UK Secretary of State for Defence, Gavin Williamson, visited BAE Systems’ Clyde shipyards today to gain an insight into BAE Systems' next generation digital ship design approach for the Type 26 frigates, before viewing the first fully constructed units of the first of class, GLASGOW.
In a fully-digital 3D virtual environment, the Defence Secretary walked through decks and stood on the bridge of the 149-metre long Type 26 design before touring the site to see how construction of the first vessel is progressing.
The Type 26 Global Combat Ship, an anti-submarine warfare ship, will replace the Type 23 anti-submarine frigates.
Construction of the first Type 26 frigate started in July 2017 and the hull is already taking shape with the first two completed hull sections now connected. The units contain the machinery space, aviation stores for embarked helicopters and a recreational area.
Iain Stevenson, BAE Systems Naval Ships managing director, said the use of digital technologies is helping develop and prove the design.
"We have been able to demonstrate how the latest digital technologies help us work with our customer and suppliers to create a comprehensive and mature complex warship design for the UK Royal Navy," Stevenson said.
"From the positioning of key equipment and cutting edge combat systems, through to the design and outfit of recreational areas, we use this technology to develop and prove the design alongside our customer.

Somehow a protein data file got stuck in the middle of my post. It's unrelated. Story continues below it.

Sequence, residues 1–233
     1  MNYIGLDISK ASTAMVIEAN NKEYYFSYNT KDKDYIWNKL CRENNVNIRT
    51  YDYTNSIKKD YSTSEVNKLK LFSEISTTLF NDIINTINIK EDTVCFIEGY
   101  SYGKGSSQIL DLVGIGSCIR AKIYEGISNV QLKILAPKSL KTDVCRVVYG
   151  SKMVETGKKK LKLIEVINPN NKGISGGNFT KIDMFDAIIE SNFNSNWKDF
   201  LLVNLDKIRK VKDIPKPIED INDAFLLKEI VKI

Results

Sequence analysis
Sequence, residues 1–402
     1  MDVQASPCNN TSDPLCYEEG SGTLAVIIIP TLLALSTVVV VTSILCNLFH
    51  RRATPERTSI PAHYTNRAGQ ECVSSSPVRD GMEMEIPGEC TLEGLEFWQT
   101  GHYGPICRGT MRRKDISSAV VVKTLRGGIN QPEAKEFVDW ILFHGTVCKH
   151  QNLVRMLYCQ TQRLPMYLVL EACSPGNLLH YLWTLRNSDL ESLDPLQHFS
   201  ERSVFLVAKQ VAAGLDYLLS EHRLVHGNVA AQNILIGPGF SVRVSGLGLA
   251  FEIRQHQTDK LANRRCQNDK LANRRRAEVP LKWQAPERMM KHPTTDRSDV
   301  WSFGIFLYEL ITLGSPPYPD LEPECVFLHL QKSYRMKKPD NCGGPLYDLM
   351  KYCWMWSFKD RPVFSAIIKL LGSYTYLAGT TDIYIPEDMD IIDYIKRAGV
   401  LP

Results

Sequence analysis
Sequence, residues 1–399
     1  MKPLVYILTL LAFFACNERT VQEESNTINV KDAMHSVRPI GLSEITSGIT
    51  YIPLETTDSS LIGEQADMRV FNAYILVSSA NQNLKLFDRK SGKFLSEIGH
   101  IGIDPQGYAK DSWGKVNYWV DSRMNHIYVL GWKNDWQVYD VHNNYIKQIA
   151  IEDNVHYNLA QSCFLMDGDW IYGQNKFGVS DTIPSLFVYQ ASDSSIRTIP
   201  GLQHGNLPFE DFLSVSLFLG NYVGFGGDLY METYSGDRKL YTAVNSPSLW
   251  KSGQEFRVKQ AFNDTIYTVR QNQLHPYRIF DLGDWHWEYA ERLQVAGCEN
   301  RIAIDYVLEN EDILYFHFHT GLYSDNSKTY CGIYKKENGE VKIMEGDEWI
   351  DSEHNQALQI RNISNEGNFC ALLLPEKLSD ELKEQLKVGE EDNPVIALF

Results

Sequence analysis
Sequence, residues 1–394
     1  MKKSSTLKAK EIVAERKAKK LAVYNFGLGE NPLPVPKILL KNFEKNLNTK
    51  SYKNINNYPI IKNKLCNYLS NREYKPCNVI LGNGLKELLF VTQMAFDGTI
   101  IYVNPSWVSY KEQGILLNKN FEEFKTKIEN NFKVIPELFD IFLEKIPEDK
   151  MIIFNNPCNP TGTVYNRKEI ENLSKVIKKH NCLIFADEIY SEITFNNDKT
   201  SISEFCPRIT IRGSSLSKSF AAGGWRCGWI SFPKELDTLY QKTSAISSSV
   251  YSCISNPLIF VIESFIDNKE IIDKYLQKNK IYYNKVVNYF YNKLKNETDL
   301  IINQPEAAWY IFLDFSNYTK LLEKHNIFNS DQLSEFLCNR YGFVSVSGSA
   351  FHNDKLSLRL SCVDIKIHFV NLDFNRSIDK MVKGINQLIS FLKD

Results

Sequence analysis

“Nearly a year into production it’s a proud moment to see the first two units joined together and we are already seeing GLASGOW take shape at our facilities here on the Clyde. It’s a great opportunity for our apprentices to learn new skills and play a part in such an important programme.”
The digital ship design approach for the Type 26 platform has also been offered to the Australian government as part of the UK company's bid for the $35 billion SEA 5000 project, as well the Canadian Surface Combatant program.
Rt. Hon Gavin WIlliamson, UK Defence Secretary said the Five Eyes alliance cooperation would be significantly boosted should Australia and Canada select the Type 26 design.
"My visit to BAE Systems Govan reinforces our full commitment to the construction of eight Type 26 frigates, supporting twenty years of work in Scotland. I was delighted to see first-hand the exceptional progress being made on our world-beating frigates, which will protect UK and allies at home and overseas. I hope to see these extraordinary vessels as the preferred choice for the Royal Australian Navy to further our Five Eyes co-operation and boost global security."